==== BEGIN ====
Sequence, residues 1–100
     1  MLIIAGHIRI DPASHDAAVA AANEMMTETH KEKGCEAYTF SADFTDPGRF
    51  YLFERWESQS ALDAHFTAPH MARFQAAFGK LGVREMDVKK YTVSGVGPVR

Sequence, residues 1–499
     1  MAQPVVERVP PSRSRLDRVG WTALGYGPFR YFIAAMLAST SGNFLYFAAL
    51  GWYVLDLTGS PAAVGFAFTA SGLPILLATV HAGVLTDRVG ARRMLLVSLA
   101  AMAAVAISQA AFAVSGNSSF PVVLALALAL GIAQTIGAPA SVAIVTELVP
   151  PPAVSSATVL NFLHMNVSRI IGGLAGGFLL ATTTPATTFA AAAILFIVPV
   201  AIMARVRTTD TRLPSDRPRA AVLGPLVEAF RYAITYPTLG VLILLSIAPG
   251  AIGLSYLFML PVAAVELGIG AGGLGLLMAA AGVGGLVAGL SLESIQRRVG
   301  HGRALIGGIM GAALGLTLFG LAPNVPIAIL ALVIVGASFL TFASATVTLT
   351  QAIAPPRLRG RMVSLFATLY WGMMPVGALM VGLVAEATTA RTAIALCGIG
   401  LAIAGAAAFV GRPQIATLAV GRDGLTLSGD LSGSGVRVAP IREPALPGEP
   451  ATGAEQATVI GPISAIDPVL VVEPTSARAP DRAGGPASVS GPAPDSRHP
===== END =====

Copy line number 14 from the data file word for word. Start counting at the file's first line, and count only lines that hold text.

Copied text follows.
   451  ATGAEQATVI GPISAIDPVL VVEPTSARAP DRAGGPASVS GPAPDSRHP